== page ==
When you sing the music right, Mozart is like medicine, a balm for the voice. It’s indescribably beautiful, and just so genius. But it can be deceptive. It sounds very simple and effortless, but it takes a lot of hard work to achieve that.
You have to have perfect legato, and perfect breath control, to get through a lot of long phrases. Mozart also writes runs with crazy coloratura, as well as some dramatic moments. To do all that requires secure technique. It’s very different from verismo, or Verdi. Clarity and purity: When you’re singing Mozart’s music, you have to use particular muscles to be flexible yet keep the purity of the tone. This is all a testament of healthy, and good, technique.
Mostly in the recitatives, Zerlina gets more dramatic. In the scene right before “Batti, batti,” when she goes back to Masetto after almost being seduced by Don Giovanni, she displays her capability in dealing with Masetto, saying: “What, you don’t believe me? Then kill me. Please, let’s just make peace.” It’s completely human, and so relatable. That’s another thing about these roles; you can see yourself, and you know you could be that person.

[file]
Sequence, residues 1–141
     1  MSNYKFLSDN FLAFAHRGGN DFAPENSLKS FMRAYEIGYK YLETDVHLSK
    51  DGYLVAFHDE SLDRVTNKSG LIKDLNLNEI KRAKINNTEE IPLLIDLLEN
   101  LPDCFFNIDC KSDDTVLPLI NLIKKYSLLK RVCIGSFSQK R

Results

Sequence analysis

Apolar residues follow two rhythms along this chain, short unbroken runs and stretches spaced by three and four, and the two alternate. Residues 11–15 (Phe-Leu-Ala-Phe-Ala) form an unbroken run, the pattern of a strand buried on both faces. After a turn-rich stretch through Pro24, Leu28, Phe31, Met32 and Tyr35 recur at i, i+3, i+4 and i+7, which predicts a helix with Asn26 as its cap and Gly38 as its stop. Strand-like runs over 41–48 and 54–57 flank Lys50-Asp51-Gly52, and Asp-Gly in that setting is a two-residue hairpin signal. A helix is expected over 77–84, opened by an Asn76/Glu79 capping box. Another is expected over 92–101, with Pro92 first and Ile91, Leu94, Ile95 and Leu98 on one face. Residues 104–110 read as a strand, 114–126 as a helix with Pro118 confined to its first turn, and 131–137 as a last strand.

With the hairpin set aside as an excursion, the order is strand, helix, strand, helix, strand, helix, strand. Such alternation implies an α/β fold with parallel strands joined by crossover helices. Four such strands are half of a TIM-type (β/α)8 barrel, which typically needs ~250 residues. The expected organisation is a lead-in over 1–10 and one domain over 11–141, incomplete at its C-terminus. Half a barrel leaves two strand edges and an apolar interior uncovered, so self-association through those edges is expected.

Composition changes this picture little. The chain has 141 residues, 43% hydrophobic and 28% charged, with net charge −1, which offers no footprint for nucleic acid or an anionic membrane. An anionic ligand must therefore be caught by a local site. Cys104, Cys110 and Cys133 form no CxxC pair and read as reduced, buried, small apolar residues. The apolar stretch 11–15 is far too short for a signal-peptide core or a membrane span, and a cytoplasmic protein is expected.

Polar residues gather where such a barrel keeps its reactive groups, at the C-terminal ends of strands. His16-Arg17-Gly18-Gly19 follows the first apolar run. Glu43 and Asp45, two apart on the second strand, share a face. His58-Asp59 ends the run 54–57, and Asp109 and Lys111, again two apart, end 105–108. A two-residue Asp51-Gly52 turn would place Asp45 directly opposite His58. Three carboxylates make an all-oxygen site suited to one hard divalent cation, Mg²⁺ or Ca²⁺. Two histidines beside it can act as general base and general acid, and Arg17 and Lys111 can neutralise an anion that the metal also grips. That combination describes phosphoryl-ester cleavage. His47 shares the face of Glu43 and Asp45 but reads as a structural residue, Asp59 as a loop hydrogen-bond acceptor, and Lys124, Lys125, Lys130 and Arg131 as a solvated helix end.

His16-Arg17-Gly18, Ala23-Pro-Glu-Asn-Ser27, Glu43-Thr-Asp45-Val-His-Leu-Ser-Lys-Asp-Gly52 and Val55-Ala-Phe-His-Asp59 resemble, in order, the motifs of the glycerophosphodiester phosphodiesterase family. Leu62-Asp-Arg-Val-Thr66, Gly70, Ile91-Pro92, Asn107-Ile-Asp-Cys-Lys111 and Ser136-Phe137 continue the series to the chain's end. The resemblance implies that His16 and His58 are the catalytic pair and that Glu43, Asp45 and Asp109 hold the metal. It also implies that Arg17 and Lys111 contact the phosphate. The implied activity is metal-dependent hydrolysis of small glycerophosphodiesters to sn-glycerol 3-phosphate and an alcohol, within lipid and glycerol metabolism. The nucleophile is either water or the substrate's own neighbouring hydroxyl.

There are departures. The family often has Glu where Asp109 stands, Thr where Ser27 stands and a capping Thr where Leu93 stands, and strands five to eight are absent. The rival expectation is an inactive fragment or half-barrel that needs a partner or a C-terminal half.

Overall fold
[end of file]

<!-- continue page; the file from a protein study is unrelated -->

But to interpret this, you have to be faithful to what Mozart has already written. He is a great vocal composer; a lot of things are already written into the score, stressed in how the language is expressed. If you follow that, the emotions speak for themselves. So, the interpretation has to be a little more strict, but it should seem effortless.
The hard work to do that is in the preparation. You’ve got to know other people’s lines, and be aware and listen to whatever is happening around you. Once you know all that, everything is clear, and you can stop thinking too much and just enjoy being in your character. Then, the beauty of it is just so satisfying. It really is one of the greatest joys.